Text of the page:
People who work from home, and perform well at it, must be appalled by survey data showing that a top management objection to the arrangement is the inability to know if any work is actually being done.
Aren’t we past that? Don’t results speak for themselves? If your top sales people are on the golf course or at the spa instead of calling on clients, they won’t be top performers very long. And if they’re getting the job done, who cares anyway? Yet this perception of work-at-homers as slackers persists.
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In a report this summer, Telework Research Network noted:
“The issue of mistrust—‘how do I know they’re working,’ is huge and not easily overcome. Management attitudes that were born in the days of sweatshops and typing pools still dominate. And even in those rare organizations where senior management unambiguously supports the concept, lack of middle management buy-in is the stumbling block.”
Middle managers need to get over it. The report notes a host of opportunities, cost savings and larger benefits tied to a mobile workforce:
- 45% of the U.S. workforce holds a job that is suitable for part-time or full-time telecommuting.
- 50 million U.S. employees who want to work from home hold jobs that can be done from home, though only 2.9 million say home is their primary place of work.
- The 2.9 million U.S. telecommuters save 390 million gallons of gas and prevent the release of 3.6 million tons of greenhouse gases annually.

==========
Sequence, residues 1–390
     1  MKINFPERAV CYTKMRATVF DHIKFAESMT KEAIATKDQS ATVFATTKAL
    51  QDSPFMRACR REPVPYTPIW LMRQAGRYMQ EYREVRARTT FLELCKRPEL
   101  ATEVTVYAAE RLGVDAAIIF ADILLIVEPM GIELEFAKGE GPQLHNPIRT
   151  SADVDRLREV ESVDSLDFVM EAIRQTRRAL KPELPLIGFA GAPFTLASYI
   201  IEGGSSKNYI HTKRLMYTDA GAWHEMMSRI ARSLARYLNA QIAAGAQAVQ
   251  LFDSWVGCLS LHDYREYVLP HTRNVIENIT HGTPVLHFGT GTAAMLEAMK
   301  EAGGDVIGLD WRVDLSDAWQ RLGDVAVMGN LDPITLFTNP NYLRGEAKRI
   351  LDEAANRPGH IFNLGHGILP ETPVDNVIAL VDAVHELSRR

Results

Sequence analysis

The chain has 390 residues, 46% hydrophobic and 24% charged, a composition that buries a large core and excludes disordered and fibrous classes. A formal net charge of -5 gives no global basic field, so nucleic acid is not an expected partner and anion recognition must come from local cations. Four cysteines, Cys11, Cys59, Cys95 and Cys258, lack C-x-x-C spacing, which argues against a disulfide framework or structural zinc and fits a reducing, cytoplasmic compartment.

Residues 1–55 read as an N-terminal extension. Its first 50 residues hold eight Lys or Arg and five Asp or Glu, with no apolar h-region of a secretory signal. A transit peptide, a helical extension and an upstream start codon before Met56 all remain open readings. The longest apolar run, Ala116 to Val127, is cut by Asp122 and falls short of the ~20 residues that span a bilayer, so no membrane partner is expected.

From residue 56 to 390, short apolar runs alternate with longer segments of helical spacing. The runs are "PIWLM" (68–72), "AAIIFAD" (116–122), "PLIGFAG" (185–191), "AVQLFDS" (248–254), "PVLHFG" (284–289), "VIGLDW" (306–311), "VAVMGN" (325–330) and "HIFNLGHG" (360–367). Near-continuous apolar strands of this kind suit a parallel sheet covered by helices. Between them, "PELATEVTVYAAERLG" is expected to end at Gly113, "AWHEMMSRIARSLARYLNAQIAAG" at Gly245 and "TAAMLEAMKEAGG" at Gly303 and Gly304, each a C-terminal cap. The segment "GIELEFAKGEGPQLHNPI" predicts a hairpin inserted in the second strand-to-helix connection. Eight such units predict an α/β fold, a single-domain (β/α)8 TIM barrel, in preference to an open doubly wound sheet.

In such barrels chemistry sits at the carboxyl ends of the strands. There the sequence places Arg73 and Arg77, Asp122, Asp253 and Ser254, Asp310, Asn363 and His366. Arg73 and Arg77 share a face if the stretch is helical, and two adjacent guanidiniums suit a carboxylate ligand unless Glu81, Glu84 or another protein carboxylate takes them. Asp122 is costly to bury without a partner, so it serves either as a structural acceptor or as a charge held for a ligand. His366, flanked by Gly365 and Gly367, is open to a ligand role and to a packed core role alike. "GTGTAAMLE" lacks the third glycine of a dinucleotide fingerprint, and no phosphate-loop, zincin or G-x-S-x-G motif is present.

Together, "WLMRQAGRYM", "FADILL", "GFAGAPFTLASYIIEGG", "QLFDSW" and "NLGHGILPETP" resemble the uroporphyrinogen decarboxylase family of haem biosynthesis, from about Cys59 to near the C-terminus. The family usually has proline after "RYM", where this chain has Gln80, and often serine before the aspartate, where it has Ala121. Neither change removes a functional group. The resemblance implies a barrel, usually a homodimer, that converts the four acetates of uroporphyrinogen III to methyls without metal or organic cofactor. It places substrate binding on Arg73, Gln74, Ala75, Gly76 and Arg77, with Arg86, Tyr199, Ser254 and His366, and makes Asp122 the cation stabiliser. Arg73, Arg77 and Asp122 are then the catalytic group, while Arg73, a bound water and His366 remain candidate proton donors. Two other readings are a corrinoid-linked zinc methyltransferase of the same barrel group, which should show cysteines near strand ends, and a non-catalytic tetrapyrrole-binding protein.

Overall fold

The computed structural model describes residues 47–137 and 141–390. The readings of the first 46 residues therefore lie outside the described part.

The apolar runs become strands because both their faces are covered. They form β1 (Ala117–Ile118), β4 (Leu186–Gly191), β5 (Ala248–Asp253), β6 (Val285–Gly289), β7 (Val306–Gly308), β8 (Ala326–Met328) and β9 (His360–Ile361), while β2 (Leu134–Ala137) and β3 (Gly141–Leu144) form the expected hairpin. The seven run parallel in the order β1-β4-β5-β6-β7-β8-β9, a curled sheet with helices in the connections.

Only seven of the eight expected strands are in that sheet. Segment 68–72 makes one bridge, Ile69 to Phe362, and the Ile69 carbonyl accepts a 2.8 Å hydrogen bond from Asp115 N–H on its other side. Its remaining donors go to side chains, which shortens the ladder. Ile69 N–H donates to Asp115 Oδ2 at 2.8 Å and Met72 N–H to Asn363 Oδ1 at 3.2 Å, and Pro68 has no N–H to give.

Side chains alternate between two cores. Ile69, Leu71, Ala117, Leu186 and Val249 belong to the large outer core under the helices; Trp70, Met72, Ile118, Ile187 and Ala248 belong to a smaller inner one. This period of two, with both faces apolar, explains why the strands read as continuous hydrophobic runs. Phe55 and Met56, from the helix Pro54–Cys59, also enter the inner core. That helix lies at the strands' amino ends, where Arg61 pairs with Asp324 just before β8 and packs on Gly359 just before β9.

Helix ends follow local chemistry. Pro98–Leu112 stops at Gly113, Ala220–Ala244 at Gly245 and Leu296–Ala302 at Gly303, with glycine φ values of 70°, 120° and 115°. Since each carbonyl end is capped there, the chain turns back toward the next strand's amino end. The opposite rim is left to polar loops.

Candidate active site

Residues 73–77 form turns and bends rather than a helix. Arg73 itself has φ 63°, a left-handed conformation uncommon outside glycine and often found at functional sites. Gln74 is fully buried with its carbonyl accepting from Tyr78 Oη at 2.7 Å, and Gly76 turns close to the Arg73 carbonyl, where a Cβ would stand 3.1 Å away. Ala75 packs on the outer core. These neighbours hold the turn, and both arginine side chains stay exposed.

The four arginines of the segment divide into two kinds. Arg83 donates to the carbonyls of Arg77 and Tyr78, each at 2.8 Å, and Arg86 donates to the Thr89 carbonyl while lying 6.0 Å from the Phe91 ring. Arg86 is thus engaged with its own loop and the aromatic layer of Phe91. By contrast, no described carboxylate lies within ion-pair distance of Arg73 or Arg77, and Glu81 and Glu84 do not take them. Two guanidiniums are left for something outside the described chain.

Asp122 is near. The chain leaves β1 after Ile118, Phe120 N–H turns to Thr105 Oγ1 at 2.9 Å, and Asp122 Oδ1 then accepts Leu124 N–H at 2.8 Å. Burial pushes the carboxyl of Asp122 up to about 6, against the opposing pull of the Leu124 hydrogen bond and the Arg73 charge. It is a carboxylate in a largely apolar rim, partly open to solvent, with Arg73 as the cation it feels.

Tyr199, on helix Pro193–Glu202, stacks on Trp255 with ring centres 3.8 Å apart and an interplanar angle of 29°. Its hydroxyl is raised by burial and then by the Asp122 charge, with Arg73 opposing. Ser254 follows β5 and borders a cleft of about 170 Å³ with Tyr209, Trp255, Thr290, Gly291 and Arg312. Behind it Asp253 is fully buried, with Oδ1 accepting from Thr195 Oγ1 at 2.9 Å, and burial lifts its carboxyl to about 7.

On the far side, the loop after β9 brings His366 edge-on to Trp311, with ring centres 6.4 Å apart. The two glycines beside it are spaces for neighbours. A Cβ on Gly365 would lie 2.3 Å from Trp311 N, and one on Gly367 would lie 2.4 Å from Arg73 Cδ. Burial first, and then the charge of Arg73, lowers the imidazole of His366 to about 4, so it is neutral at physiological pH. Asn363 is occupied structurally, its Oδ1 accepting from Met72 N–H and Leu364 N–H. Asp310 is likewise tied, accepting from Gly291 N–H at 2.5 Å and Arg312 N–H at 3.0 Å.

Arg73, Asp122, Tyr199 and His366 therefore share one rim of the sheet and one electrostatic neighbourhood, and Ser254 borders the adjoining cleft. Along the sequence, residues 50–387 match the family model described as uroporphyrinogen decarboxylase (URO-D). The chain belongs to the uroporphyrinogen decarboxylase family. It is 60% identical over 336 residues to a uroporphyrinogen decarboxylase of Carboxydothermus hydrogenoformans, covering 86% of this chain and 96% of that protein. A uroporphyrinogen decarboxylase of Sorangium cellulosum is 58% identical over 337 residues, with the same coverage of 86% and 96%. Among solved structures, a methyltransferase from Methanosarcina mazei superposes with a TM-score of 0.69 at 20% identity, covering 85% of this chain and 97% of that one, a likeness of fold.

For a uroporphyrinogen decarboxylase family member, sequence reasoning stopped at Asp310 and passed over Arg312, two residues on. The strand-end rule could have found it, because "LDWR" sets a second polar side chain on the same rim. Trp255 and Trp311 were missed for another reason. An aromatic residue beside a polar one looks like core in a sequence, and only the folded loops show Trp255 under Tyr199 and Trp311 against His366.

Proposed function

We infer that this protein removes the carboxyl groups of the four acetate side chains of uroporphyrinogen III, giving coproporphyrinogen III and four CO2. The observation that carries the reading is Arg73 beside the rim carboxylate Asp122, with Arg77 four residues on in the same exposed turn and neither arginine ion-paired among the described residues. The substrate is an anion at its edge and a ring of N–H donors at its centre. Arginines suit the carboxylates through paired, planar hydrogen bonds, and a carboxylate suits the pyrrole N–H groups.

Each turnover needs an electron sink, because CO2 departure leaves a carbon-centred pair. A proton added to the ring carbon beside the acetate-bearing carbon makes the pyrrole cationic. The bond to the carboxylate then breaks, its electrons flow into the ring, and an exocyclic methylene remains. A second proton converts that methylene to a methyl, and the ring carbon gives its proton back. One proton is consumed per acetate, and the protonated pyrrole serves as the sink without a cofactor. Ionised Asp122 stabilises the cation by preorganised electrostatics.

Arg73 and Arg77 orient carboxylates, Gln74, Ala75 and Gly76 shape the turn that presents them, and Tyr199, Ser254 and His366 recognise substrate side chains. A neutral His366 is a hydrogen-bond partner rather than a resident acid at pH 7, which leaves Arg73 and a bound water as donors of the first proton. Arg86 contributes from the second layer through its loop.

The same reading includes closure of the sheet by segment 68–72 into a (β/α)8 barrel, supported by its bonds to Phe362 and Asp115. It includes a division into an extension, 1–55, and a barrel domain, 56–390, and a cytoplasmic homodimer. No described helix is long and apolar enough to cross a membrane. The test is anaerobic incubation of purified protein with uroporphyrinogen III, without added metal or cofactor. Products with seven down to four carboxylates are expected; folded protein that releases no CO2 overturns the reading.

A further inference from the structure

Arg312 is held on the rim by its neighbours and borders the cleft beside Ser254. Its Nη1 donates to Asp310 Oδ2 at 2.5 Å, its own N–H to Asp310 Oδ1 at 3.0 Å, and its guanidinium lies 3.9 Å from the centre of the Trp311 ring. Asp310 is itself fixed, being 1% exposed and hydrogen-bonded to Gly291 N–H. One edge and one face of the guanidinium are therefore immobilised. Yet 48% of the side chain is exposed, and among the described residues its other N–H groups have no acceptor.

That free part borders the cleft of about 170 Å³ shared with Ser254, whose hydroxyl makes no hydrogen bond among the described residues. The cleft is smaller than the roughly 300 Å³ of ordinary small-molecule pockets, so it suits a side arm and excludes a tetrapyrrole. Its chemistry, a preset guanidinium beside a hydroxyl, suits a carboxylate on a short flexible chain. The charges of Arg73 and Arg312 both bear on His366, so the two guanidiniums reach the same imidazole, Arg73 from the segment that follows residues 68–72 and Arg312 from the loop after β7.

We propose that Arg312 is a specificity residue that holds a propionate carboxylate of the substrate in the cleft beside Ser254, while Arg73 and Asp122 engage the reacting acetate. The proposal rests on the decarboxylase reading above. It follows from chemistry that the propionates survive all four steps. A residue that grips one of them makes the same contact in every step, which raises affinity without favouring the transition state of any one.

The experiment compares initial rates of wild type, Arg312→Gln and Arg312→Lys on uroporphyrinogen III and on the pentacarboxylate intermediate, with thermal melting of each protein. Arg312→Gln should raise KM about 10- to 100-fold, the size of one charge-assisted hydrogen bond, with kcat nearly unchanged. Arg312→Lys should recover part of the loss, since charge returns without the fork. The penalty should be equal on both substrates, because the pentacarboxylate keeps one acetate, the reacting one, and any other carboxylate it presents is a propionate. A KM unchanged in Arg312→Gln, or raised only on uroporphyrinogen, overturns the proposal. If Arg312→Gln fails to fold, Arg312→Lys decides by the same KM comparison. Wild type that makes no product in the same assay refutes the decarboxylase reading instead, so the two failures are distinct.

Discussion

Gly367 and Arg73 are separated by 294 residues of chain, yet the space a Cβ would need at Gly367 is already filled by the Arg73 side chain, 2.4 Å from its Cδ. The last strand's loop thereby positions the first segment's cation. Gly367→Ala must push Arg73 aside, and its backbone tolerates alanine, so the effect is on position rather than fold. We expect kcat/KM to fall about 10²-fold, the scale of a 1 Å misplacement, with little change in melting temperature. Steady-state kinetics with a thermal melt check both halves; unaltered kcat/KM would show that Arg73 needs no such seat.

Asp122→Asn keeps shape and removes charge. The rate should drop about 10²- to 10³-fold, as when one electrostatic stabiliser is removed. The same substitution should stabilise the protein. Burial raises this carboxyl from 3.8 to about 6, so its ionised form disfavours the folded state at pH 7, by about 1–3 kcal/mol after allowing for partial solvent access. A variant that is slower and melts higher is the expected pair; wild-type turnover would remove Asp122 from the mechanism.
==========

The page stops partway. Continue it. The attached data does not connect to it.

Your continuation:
- If those with compatible jobs worked at home 2.4 days a week, the reduction in greenhouse gases would be the equivalent of taking the entire New York workforce off the roads.
There is no question that working from home makes sense in many cases. It can be good for the environment. It can save companies money on real estate. It can afford a better work/life balance. If you’d like to give it a try, but your employer has reservations, here are some tips from remote access software firm TeamViewer on how to win over the boss:
- Ease into it — Your request to work at home will raise questions about your motives and ability to be productive. Suggest a trial period of one day a week, and then bowl them over with results.
- Point out the upside — Your manager should know that when you work at home you start your day earlier and end later simply by subtracting commuting time.
- Stay in touch — Given a chance, make sure you stay in close contact with the office. If your co-workers can’t find you when they need you, it’s over.
- Cover your bases — Urgent matters will arise that may be best handled right away by someone in the office. Make sure to designate someone to assume your role when you are unavailable.